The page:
miksu8 likes this.
  11. board
    Whenever possible I compare the different versions first and then I buy the version I prefer. I've sometimes seen people rave about certain releases, and when I listen for myself I find that I prefer the one that those people dispise, although there is often consensus between me and others.

    As for "24 bit versions sound better because they're better produced", if it wasn't clear by everything that has been written by various people here, then it's not the bit depth that makes it sound better, since it will sound the same when converted to 16 bit - it's simply that it's better produced to begin with, no matter the bit depth.
    I don't have so much experience with SACDs, but I agree that it's a craps shoot.
    miksu8 likes this.
  12. castleofargh Contributor
    I work in a very simple way. If I've heard one master a lot(usually discovered the album with it), anything else will feel wrong to me. No matter how clean or nice another version is, for me habit and nostalgia triumph over almost anything else. To the point that I've been looking to acquire all the old classical music from my youth(quite the battle to try and find a symphony from vague memories of what the cover looked like, and google image :dizzy_face:).So far I've very much enjoyed the ones I could find, and I honestly like them more than other better known and acclaimed versions. Even though I admit that several of those acclaimed version deserve every bit of praise.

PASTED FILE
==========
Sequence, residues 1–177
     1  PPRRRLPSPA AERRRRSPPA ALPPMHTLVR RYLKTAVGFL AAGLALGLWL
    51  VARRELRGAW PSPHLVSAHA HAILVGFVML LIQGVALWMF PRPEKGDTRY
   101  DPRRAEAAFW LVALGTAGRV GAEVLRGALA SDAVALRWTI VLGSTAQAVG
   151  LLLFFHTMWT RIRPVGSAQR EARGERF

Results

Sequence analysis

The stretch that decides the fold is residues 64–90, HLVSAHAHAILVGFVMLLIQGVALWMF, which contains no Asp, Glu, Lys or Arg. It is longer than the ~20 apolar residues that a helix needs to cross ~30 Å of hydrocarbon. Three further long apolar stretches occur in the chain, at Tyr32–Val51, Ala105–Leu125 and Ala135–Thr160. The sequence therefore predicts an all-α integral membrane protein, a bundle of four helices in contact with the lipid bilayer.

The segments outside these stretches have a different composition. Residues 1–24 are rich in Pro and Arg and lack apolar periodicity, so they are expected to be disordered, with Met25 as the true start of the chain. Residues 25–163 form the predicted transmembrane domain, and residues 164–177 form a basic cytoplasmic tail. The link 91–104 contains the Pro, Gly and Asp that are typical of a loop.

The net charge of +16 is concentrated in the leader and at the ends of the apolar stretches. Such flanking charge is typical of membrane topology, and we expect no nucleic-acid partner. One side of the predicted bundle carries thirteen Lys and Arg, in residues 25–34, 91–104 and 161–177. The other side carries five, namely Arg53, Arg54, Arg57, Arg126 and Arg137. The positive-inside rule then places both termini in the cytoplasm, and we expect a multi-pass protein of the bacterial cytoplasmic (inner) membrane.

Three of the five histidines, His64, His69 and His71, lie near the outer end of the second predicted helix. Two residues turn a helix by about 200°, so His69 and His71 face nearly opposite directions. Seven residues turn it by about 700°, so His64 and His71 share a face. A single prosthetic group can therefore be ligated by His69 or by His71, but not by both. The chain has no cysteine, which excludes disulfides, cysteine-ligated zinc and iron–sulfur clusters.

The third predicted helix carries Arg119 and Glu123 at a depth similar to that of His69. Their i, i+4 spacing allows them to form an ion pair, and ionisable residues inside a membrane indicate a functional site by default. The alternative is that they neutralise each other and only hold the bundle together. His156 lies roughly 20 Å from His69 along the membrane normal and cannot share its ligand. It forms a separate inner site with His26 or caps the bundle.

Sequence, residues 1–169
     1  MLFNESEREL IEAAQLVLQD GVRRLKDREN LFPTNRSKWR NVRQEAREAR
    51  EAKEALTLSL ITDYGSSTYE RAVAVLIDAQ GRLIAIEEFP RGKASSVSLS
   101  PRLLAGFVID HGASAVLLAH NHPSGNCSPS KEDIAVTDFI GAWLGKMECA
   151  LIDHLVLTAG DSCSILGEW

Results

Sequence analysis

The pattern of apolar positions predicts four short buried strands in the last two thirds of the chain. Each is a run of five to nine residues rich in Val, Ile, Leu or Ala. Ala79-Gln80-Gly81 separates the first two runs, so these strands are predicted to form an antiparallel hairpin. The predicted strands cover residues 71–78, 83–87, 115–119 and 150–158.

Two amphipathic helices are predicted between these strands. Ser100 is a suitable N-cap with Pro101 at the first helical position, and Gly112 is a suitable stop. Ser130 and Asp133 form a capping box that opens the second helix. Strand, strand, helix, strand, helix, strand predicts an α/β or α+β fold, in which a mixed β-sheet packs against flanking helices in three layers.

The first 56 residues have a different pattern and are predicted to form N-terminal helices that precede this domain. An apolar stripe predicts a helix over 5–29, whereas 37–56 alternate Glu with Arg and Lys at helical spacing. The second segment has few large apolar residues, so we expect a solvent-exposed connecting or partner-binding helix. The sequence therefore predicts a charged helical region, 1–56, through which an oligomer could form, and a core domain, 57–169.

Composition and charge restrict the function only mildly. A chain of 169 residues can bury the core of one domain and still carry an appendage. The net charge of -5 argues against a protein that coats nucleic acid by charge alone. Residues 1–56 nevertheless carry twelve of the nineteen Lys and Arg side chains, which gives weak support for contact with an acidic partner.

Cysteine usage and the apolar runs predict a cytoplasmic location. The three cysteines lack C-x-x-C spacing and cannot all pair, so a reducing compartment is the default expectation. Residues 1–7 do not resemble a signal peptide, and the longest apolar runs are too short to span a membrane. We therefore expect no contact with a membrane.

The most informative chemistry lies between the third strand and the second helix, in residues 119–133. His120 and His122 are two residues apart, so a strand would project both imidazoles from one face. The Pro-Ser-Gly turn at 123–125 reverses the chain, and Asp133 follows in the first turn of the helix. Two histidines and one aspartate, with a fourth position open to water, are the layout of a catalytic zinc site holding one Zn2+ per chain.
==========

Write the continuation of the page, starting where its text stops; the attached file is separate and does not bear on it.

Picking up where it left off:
In the end I like my familiar stuff better. And while it's obvious with classical music where mastering is but a small piece of the puzzle, I also tend to feel that way for other genres. I discovered Iron Maiden with the "A real live one" CD, I now have pretty much all the albums(so long as Dickinson is the singer!!!!!!), and a bunch of DVDs of their concerts. so again I'm talking more than subtle remastering. But even after all these years, if a song was on "A real live one", that's the version I'll like the most. Pretty much all remasters of my favorite music tend to disappoint me.